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Album Reviews : Espionage – Digital Dystopia

By on May 19, 2018


There has been one debut album that I have been long anticipating, and that is this one! Espionage burst onto the scene in 2015 with their self-titled EP before following up with an excellent second EP, Wings of Thunder, in 2016. Now into 2018, the traditional heavy metal four-piece are releasing their first full-length, Digital Dystopia, an album that both holds elements of the band’s excellent traditional heavy metal style, as well as an active attempt to push their music to new and bolder heights.

However, I’m not remiss to say that the opener to this album, “Prelude to Power”, felt rather like a small misfire. You know when you sometimes read a novel and there’s a prologue preceding chapter one? Sometimes it’s great and it really sets up the book very well by helping you to immerse yourself into its world. Other times, you’re left wondering why that was there when you really could have cut it because the story feels like it really kicked off in the first chapter. While composition-wise, there isn’t anything particular ‘wrong’ with “Prelude to Power”, it also feels like it doesn’t serve too much of a purpose other than to show off the musical talents of the band, which are better put on display in the songs that follow anyhow. Digital Dystopia really begins to kick into first gear with “Enter the Arena” with a truly inspiring series of guitar notes that draw you in immediately. The cry out of “legions of steel!” was also a nice touch if you know anything of the band’s history. Espionage’s lead guitarist and string-wizard, Denis ‘Den Den’ Sudzuka runs his own touring/promotion company, and every year, he puts on an annual local metal fest under the aforementioned name that pulls in great numbers. It was a pleasant little nod. This song was an awesome way to truly kick off the record – showcasing not only the clear talents of drummer James ‘Shelvo’ Shelverton and the vocal prowess of Andrew ‘Frosty’ Morris, but also Sudzuka’s more-than-formidable guitar skills – and the series of guitar solos that follows is a cavalcade of talent! Showcasing Mark Furtner (LORD), before leading in with Espionage’s newest member, guitarist Matt ‘Matto’ Carroll, Sudzuka, Tim Brown (from Canada’s Striker), Brendan Farrugia (Envenomed), and then followed by famous Bosnian guitarist, Emir Hot.

The solo that erupts in “At Lightspeed We Strike” might be one of the best new songs I’ve heard this year; showcasing Espionage at their unabashed best, kicking ass on the level of Judas Priest-esque late ‘80s/early ‘90s speed metal. These are definitely the songs in which Espionage truly shines: writing heavy metal anthems that are just made to be headbanged to and for lyrics to be cried aloud until hoarse in a live venue setting. Within the album’s single, “Nightmare Approaches”, Frosty channels King Diamond and a young Don Dokken from Dokken in the best way possible. This song also gives Matto another chance to shine, notably performing a swell rhythm section throughout the track.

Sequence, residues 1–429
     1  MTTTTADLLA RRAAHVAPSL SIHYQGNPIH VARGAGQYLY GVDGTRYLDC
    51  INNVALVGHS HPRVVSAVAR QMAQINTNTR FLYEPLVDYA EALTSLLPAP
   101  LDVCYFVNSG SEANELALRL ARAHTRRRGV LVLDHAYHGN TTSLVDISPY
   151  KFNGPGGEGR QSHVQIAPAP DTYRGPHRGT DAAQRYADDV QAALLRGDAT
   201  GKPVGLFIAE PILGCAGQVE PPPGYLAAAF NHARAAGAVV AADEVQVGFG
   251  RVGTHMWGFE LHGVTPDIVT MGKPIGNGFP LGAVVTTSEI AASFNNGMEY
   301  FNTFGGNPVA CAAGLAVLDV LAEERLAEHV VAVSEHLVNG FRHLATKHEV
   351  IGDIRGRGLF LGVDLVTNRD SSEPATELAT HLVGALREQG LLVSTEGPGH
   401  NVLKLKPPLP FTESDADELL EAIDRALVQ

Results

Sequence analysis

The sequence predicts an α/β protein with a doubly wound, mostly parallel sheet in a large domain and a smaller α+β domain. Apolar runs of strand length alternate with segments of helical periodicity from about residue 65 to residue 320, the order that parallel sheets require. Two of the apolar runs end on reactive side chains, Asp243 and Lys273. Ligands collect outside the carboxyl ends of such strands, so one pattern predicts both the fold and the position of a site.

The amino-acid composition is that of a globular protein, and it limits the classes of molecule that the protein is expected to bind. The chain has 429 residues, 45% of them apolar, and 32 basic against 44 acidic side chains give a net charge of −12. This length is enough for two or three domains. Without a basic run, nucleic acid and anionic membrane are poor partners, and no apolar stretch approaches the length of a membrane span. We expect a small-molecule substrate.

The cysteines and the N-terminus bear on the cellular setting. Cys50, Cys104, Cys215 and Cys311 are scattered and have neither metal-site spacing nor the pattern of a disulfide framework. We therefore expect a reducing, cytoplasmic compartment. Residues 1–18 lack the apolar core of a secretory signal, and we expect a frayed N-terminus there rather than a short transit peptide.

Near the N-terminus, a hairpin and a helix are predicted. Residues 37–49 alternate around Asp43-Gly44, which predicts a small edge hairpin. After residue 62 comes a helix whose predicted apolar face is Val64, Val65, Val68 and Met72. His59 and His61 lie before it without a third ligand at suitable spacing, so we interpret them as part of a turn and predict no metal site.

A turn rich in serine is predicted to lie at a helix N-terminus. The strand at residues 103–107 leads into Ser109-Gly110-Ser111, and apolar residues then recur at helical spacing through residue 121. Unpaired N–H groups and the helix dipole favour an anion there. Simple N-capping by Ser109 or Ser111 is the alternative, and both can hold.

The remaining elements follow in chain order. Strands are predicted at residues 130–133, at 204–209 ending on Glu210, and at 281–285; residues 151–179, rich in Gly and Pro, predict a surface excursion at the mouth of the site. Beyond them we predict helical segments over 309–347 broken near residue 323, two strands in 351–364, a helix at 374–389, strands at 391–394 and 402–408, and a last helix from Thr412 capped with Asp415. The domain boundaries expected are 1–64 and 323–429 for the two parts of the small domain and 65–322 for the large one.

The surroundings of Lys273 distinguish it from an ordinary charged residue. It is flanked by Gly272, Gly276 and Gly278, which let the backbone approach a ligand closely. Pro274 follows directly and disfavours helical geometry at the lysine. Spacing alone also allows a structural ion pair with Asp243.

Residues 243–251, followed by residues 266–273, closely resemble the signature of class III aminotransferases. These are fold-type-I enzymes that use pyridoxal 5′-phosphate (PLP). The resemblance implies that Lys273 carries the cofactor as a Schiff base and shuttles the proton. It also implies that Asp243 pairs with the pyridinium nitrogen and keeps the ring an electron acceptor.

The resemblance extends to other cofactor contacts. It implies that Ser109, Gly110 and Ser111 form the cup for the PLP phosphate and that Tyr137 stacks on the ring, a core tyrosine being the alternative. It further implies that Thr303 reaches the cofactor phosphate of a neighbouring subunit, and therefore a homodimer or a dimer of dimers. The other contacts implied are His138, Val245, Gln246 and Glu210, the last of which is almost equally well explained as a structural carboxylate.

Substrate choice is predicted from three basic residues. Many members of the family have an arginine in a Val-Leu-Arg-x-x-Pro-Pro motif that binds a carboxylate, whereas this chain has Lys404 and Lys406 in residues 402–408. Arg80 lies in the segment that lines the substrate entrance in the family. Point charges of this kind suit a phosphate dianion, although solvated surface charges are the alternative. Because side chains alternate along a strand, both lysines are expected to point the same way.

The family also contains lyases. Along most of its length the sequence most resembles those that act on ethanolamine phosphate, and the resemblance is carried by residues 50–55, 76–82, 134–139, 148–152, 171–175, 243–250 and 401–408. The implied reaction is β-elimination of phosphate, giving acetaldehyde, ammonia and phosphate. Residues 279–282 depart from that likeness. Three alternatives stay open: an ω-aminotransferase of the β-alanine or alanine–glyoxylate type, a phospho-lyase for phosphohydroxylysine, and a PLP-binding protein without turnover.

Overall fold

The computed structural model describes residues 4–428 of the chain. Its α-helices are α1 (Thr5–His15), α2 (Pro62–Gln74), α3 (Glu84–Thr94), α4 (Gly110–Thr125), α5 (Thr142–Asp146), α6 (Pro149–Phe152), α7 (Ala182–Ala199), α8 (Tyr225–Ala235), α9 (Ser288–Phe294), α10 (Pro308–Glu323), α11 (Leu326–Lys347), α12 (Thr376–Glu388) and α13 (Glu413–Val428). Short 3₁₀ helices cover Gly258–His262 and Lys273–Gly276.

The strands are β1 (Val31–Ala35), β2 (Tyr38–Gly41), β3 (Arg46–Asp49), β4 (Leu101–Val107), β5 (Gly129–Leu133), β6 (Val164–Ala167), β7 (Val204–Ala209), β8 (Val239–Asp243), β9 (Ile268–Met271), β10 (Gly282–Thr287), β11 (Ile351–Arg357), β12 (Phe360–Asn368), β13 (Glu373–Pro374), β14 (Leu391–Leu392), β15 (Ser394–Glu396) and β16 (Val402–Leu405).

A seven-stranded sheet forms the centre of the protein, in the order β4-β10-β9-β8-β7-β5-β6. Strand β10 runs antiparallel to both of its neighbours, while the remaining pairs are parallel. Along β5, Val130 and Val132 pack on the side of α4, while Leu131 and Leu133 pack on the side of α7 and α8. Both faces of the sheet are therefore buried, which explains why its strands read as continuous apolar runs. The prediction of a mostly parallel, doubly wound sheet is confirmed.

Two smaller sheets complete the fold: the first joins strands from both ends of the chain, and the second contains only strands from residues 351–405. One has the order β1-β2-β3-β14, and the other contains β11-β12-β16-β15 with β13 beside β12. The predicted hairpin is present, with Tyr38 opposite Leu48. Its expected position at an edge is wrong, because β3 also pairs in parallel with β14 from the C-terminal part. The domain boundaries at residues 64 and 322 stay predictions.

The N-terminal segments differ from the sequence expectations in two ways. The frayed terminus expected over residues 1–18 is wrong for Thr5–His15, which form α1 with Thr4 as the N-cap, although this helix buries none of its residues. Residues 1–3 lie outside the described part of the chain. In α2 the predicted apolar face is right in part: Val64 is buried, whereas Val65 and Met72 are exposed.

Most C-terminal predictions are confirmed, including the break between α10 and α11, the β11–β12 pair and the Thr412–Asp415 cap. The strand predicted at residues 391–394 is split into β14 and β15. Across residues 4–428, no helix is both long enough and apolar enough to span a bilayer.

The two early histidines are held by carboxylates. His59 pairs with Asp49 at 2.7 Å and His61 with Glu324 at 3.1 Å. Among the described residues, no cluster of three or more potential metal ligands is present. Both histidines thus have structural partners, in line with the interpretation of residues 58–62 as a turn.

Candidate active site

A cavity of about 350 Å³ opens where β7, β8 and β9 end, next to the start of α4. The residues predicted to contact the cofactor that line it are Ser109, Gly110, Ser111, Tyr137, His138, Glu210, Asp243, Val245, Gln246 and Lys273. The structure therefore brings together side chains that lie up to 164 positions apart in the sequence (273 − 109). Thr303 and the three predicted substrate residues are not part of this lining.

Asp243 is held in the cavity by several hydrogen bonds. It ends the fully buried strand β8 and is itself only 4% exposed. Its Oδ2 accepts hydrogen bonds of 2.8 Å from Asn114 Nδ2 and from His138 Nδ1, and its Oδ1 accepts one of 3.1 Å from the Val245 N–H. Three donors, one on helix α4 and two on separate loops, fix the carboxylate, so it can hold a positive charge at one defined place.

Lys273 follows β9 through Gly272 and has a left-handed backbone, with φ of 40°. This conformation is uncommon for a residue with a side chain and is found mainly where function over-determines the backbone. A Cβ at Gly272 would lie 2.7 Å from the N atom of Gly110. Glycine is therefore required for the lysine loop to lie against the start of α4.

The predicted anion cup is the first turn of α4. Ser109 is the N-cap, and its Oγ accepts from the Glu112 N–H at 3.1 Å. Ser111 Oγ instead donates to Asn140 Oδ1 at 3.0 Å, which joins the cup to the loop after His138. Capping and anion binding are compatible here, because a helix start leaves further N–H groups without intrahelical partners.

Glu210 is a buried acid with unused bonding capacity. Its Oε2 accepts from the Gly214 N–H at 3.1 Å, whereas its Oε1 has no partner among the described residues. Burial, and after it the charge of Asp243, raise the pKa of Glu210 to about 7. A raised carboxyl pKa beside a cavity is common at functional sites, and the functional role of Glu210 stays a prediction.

As the fifth song of the album, the opening to the title track really took me by surprise! Beginning with one of the smoothest synthwave-inspired openers I’ve heard, the song soon kicks into high gear with pounding drum work and heroic leads, driven forward by melodic vocal work that blends perfectly with the musical compositions.

Through “Haunting Horror” (which contains some neat backing harsh vocals and one of the most enjoyable choruses I’ve heard in a while), “Light Begins to Fade”, and “Hellfire”, the album is a non-stop thrill ride that doesn’t ever exhaust its energy.

A point could be made with Digital Dystopia that it’s not a particularly ‘new’ or ‘original’ album. However, I believe the point Espionage is going for with this album and their choice of subgenre as a traditional heavy metal band isn’t so much to try and be ‘different’ from everyone but more to recapture that amazement and wonder of hearing bands of this style in the 1980s. Something that was wholly fresh and exciting and new back then but is almost wholly lost in metal today. To Espionage’s credit, at many points, as with the guitar solo on “Lost in Space”, they even do it better than some bands did back then.

“Final Breath” is a decent enough track but falls a bit flatter compared to the more energetic and compositionally interesting tracks that preceded it. The final track of the album, “Wartorn Atrocities” is a hard-hitting gem that puts on full show the musically cohesive nature of the band and gives each member their time to shine, along with special guest appearances from Andrew Hudson (Harlott) and Chris Themelco (Orpheus Omega) that pack a punch.

All in all, Digital Dystopia is an excellent, if not imperfect, album. As the band’s debut full-length effort, it is undoubtedly one of the finest you will find in the scene right now and is a genuine treasure trove for the old school metal-hearted in Australia and beyond. Pick it up and judge for yourself.

Band: Espionage
Album: Digital Dystopia
Year: 2018
Genre: Traditional Heavy Metal
Label: Independent
Origin: Melbourne, Australia

About

Jonathon is an aspiring fantasy/sci-fi novelist and music journalist. Thanks to the influence of the music he grew up with, he has always possessed a keen interest in metal and rock. He is also a huge fan of mythology, legend, and folklore from all across the world. You should follow him on Twitter.